Zinn-ian conspiracy theories, propounded engagingly and energetically by filmmaker and gadfly Stone and Cold War scholar Kuznick (History/American Univ.).
If you’ve read Howard Zinn—or if, like Jeff Lebowski, the Port Huron Statement is still current news for you—then you’ll have at least some of the outlines of this overstuffed argument. Premise 1: Though the United States may pretend to be a nice, cuddly sort of democracy, it’s the font of much trouble in the world. Premise 2: When, post-9/11, neocons began pondering why it wouldn’t be such a bad idea for the U.S. to become an imperial power, they were missing a train (or Great White Fleet) that had pulled out of the station long ago. Premise 3: We like European fascists better than Asian fascists, as evidenced by propaganda posters depicting our erstwhile Japanese foes as rats and vermin. Premise 4: War is a racket that benefits only the ruling class. Premise 5: JFK knew more than he had a chance to make public, and he was gunned down for his troubles. And so forth. Layered in with these richly provocative (and eminently arguable) theses are historical aperçus and data that don’t figure in most standard texts—e.g., the showdown between Bernard Baruch and Harry Truman (“in a colossal failure of presidential leadership”) that could only lead to a protracted struggle between the U.S. and the Soviet Union for post–World War II dominance. Some familiar villains figure in as well, notably the eminently hissable Henry Kissinger and his pal Augusto Pinochet; the luster of others whom we might want to think of as good guys dims (George H.W. Bush in regard to Gorbachev), while other bad guys (George W. Bush in regard to Saddam Hussein) get worse.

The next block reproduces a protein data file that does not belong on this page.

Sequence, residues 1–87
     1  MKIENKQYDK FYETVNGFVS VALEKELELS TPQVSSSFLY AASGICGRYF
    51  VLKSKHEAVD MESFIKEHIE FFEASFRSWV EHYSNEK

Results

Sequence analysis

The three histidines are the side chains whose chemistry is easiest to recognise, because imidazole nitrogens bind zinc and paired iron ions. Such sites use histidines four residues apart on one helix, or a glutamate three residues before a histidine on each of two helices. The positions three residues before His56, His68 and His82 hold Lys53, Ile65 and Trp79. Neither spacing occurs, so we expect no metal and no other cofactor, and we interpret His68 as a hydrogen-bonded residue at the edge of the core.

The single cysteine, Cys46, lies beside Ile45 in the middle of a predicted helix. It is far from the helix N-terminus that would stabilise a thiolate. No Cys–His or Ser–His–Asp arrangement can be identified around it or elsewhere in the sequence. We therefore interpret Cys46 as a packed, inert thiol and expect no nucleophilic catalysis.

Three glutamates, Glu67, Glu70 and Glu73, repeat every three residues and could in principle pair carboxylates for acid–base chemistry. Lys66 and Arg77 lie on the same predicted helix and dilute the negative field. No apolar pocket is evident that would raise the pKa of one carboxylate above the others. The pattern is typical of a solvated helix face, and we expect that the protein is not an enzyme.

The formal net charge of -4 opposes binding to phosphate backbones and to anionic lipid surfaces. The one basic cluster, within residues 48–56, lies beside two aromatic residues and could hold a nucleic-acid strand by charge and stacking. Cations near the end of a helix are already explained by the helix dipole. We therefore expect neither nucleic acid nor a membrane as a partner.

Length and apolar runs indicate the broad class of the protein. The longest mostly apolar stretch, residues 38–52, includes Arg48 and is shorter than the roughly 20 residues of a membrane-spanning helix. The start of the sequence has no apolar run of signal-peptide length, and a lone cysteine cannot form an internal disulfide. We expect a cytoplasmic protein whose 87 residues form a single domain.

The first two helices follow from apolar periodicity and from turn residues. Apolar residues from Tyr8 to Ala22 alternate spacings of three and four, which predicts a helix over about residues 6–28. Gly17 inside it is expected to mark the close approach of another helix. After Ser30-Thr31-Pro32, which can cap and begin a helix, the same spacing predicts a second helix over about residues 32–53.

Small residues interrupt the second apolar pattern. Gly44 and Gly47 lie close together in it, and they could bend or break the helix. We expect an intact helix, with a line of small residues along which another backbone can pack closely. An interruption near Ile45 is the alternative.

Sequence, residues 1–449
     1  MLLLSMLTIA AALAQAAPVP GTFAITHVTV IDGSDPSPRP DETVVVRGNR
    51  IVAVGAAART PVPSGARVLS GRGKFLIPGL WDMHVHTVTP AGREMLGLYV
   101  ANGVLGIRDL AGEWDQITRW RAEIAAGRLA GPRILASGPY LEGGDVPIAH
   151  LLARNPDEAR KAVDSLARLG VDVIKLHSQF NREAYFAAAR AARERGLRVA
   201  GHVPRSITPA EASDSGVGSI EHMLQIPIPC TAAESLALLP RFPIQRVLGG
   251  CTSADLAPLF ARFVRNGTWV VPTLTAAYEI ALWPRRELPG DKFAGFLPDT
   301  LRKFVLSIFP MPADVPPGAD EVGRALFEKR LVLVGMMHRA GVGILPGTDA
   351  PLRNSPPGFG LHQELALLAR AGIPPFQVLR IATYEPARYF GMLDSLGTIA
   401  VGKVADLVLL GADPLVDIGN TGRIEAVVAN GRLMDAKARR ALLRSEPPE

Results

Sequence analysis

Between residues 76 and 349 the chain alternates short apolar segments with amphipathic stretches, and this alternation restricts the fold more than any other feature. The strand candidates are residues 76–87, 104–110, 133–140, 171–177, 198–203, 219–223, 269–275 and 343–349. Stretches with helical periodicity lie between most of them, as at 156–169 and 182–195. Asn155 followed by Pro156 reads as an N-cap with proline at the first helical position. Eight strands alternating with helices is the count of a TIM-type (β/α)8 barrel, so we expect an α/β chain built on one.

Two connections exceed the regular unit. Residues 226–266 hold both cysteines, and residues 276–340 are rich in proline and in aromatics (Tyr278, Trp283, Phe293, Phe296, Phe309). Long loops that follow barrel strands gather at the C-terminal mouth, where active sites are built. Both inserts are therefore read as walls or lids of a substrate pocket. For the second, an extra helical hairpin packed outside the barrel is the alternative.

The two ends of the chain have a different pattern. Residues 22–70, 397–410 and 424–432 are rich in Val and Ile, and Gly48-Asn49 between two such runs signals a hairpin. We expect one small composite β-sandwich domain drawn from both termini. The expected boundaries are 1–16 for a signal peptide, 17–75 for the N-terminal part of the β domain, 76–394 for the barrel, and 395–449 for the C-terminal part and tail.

Preaching to the choir, perhaps, but an invigorating sermon all the same.